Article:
Saintsbury Carneros Pinot Noir 2010
Pinot Noir from Carneros, California
Aromas of forest floor, dark cherry, plum and mahogany. Delicate entry with broad mouthfeel. Smooth and enticing mid palate, with a lingering finish.
Wine Enthusiast - "This is Saintsbury's basic Pinot Noir and its least expensive, but it’s actually their most easily drinkable. It's a joy to experience with loads of raspberries and cherries, hints of mushrooms and cola, crisp acidity, and enriched with a touch of sweet, smoky oak. The alcohol is nice and moderate. Editors' Choice"
Saintsbury specializes in Chardonnay and Pinot Noir. The Chardonnay is fermented and aged in barrels coopered in Burgundy. Three styles of Pinot Noir are produced: "Garnet" is a fresh, lively wine full of cherry and raspberry fruit; the wine simply called Carneros Pinot Noir is a more classic rendition; and the Reserve Pinot Noir is the richest and most fully flavored of the vintage. View all Saintsbury Wines
About CarnerosView a map of Carneros wineries
Technically a part of Napa Valley, the Carneros region straddles both Sonoma & Napa counties. It's the Napa region closest to the San Francisco peninsula and the San Pablo Bay, which is instrumental in controlling the climate of the area. The winds from the San Pablo bay create a cool weather pattern ideal for growing Chardonnay and Pinot Noir.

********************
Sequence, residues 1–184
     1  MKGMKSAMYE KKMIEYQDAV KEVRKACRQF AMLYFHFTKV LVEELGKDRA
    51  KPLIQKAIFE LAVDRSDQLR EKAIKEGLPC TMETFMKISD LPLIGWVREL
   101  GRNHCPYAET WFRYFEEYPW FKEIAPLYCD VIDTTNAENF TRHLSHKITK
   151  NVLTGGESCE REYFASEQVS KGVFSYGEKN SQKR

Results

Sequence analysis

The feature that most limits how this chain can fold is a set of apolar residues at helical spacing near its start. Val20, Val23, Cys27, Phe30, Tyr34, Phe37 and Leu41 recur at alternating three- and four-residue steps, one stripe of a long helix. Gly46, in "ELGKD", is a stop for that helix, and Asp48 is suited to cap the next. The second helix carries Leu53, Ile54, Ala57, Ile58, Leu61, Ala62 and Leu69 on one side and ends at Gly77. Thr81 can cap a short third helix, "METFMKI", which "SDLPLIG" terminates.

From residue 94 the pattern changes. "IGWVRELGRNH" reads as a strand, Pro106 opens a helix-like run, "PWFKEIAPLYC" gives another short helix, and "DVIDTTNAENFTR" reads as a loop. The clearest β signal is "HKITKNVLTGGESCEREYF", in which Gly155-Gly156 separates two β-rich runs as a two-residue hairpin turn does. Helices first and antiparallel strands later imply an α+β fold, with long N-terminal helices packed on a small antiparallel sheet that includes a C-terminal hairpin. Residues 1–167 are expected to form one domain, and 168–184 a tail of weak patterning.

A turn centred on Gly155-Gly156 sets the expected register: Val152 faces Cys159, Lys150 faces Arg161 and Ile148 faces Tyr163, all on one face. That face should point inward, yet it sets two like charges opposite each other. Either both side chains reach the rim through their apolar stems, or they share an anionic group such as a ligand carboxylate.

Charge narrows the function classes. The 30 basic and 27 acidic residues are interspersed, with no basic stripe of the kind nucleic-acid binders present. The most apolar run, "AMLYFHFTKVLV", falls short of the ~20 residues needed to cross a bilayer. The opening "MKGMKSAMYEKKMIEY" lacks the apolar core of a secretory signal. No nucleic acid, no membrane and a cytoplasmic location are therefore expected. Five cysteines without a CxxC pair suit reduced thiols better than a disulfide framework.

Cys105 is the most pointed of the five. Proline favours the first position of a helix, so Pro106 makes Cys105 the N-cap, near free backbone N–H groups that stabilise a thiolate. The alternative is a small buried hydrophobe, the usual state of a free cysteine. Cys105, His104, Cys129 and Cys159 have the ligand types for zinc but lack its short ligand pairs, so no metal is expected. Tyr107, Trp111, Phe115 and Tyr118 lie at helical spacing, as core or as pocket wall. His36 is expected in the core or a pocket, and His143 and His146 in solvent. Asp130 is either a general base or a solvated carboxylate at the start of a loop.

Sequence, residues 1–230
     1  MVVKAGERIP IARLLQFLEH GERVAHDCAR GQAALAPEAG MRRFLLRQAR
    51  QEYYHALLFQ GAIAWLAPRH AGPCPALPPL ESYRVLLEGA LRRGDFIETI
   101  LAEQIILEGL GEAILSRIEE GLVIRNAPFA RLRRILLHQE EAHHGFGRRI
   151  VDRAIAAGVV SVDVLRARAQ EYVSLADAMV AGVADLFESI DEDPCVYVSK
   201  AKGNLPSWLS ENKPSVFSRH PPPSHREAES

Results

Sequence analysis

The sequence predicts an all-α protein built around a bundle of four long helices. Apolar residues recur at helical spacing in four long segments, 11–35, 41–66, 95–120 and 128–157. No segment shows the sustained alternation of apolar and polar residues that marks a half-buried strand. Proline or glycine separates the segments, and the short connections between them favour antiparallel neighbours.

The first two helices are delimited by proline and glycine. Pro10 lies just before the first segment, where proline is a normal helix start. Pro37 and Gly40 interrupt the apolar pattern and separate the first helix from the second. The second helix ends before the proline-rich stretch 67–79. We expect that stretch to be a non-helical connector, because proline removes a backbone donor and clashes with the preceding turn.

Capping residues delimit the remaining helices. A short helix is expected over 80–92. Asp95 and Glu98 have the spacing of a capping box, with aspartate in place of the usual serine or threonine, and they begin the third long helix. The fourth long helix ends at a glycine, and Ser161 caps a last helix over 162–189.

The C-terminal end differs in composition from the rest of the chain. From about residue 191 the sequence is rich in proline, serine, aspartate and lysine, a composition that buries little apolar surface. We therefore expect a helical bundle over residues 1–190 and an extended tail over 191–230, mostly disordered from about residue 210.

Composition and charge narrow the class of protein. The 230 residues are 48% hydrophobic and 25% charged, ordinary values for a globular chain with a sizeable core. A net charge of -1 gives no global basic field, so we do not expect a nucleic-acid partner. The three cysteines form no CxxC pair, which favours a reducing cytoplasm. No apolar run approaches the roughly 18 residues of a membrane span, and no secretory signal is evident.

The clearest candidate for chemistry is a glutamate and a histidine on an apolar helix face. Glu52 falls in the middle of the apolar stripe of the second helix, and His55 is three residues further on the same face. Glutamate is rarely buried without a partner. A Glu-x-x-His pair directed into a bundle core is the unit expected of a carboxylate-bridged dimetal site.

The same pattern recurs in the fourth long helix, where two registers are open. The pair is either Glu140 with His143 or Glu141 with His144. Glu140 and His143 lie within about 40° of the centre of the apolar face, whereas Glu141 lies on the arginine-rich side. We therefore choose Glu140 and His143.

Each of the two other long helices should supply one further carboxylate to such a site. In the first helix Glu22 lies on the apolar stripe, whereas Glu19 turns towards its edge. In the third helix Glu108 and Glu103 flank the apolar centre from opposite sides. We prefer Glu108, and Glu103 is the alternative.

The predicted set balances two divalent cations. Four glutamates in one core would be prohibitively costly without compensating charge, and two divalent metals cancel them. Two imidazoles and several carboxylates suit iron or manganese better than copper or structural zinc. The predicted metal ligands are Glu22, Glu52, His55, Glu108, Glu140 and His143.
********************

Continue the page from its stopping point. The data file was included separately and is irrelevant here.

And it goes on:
Notable FactsBoth Chardonnay and Pinot Noir from Carneros are delicate, yet complex, with firm structure and acidity. And while the pair are the most popular varieties of the region, some winemakers have branched out, particularly with Syrah. The cool climate Syrah of Carneros is well structured and stylistically similar to Syrah from the Northern Rhone, though often fuller-bodied.
About CaliforniaIt's not rare to see a wine's country of origin listed as "California." A country into itself in the wine world, California makes enough varieties and styles to match many European wine countries. It produces a diverse range of wines that span the quality spectrum.
The most famous of the California wine regions is Napa Valley, and these wines are certainly outstanding – but it's not as broad and diverse as its larger neighbor, Sonoma County. Down south, Santa Barbara's Santa Maria Valley is well-known for its Rhône blends, as well as cool-climate varieties like Pinot and Chardonnay. The Central Coast, the largest California AVA, has many different microclimates that lead to a wide range of wines with many sub-AVAs.
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